ClayPot Points

1. Rebuilding is not some grand scheme for the privileged but is inclusive of the poor

2. Reform and restitution go hand in hand. In order to lead out in reform, our example must be consistent with God’s Word

3. A promise to reform must be rooted in the ethical thought that God is the God of the oppressed. This is the surest way forward in rebuilding for all




ENDNOTES

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[i] “World poverty is a hundred million mothers weeping . . . because they cannot feed their children.” Ronald J. Sider (Poverty: Draper's Book of Quotations for the Christian World)


[ii] “To obtain food for their families, the poor were obliged to buy on credit, and at an exorbitant price. They were also compelled to raise money by borrowing on interest, to pay the tribute to the king of Persia…. Their distress had not been caused by indolence or prodigality. They had been compelled to contract debts because of the failure of crops, and to pay heavy taxes.” pg 39 (Nehemiah, Restoring the Breach, E. G. White: TEACH Services, NY)


[iii] “Unless we drastically reshape both our theology and our entire institutional church life so that the fact that God is on the side of the poor and oppressed becomes as central to our theology and institutional programs as it is in Scripture, we will demonstrate to the world that our verbal commitment to sola scriptura is a dishonest ideological support for an unjust, materialistic status quo.” Ronald J. Sider (Poverty: Draper's Book of Quotations for the Christian World)


[iv] “Worship, ritual, cult, and Temple are not just the celebration of the covenantal God but the celebration of that God as liberator from oppression and domination, slavery and death in Egypt, into a land where opposites reign, a land of righteousness, justice, and freedom.” John Dominic Crossan, pg 205 (The Birth of Christianity)


[v] Many leaders need the perks to feel as if they are doing something significant. Still others lose sight of the significance of their work when surrounded by the trappings of success. Philippians 2:5-8, among other things, teaches us that people who serve in the lowest places need to have a very strong sense of who and whose they are.


[vi] 1st Corinthians 9:11-15 (MSG) So if we have planted spiritual seed among you, is it out of line to expect a meal or two from you? (12) Others demand plenty from you in these ways. Don't we who have never demanded deserve even more? But we're not going to start demanding now what we've always had a perfect right to. Our decision all along has been to put up with anything rather than to get in the way or detract from the Message of Christ.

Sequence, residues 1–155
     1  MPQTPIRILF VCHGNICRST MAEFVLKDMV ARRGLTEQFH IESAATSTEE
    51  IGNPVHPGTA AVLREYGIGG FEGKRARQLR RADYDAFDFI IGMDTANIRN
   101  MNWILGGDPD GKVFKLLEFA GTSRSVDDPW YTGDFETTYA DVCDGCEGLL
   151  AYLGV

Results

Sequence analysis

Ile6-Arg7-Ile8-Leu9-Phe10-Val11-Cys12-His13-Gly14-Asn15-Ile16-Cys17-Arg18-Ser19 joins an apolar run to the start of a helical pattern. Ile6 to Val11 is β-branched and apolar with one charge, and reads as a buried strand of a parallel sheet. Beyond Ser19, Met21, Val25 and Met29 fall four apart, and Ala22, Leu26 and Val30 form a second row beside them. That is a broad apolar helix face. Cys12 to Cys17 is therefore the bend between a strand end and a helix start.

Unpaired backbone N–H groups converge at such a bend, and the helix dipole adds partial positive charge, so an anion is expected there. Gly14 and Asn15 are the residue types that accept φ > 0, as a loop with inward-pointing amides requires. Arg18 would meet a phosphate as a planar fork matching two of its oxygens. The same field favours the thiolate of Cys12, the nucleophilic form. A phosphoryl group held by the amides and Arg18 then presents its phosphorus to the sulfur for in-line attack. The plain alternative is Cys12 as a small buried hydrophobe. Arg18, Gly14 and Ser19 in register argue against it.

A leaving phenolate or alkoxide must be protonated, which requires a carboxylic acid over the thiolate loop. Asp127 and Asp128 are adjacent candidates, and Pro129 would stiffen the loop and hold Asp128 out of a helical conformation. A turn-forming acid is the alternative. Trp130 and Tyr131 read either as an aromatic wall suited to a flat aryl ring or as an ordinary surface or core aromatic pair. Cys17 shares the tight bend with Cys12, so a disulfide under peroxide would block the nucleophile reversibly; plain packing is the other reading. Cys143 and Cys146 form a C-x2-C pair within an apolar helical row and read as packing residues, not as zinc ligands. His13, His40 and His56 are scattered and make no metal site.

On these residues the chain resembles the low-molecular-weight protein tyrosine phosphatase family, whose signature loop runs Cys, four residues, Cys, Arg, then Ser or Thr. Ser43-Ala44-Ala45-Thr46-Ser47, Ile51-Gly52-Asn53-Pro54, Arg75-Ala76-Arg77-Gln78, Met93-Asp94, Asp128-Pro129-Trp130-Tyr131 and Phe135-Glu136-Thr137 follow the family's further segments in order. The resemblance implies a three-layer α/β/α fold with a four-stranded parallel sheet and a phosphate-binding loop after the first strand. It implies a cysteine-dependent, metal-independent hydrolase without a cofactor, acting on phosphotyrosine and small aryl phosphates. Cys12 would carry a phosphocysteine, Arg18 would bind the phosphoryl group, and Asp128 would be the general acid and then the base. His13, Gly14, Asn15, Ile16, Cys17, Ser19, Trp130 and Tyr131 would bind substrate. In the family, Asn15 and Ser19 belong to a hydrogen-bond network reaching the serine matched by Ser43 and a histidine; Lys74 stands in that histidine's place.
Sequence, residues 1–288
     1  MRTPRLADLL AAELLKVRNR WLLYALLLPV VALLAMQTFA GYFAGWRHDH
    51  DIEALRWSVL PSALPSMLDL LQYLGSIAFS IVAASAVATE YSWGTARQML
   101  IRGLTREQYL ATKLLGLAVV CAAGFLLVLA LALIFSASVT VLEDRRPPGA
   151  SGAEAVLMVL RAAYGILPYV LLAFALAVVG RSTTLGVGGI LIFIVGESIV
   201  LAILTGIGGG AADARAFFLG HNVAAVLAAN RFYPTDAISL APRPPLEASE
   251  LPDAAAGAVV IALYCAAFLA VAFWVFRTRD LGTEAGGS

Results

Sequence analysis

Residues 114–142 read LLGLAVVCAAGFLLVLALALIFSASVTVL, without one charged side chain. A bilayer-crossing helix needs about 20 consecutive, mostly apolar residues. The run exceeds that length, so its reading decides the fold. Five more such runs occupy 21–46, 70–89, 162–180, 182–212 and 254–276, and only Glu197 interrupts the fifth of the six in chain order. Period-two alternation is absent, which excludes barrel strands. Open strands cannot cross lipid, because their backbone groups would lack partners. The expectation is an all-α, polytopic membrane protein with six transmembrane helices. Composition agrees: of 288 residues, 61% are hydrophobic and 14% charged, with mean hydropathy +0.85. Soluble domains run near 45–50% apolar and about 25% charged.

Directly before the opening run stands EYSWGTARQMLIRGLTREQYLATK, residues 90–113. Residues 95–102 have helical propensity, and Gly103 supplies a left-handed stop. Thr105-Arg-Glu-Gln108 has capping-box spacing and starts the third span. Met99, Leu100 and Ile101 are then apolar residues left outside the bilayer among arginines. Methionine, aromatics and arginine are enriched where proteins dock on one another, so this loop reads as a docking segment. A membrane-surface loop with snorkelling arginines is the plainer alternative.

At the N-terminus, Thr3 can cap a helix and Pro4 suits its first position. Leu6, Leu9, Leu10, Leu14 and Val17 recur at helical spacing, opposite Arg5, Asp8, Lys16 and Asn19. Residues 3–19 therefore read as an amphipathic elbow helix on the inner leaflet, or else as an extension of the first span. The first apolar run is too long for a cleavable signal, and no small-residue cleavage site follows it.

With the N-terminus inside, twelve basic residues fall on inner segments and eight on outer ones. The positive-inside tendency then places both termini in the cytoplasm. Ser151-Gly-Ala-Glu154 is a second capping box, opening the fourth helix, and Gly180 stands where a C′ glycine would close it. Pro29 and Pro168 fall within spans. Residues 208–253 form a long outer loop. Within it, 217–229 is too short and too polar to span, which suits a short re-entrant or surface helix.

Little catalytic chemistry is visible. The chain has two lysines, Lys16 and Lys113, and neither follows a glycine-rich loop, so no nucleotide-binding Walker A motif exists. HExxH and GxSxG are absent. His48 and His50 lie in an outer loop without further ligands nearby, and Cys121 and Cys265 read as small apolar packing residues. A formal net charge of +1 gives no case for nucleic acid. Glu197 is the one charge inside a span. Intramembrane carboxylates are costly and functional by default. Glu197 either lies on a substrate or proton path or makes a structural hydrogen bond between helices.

[vii] This may be very significant as it harkens back to the Levitical call to be totally dedicated to the work of the Lord. Nehemiah understood more than any other governor the spiritual nature of this practical task and he was totally dedicated to its completion.


[viii] “It is one thing to mourn for sin because it exposes us to hell, and another to mourn for it because it is an infinite evil; one thing to mourn for it because it is injurious to ourselves, and another thing to mourn for it because it is wrong and offensive to God. It is one thing to be terrified; another, to be humbled.” Gardiner Spring; “Repentance is another way of saying that the bad past is to be considered as the starting point for better things.” Dorothy L. Sayers; “Repentance is not a fatal day when tears are shed, but a natal day when, as a result of tears, a new life begins.” Ilion T. Jones; “Repentance means the opportunity of a new start, the chance to correct what man had left crooked, to fill that which is wanting in one’s life.” Abba Hillel Silver (Repentance: Draper's Book of Quotations for the Christian World)


[ix] Luke 19:8, 9 “Later that day Zacchaeus stood up and said to the Lord, ‘I will give half of my property to the poor. And I will now pay back four times as much to everyone I have ever cheated.’ Jesus said to Zacchaeus, ‘Today you and your family have been saved, because you are a true son of Abraham.’” We are remiss when we preach repentance without any hint of restitution for past wrongs. Both in the Old and in the New Testament, restitution was an integral part of revival and reformation.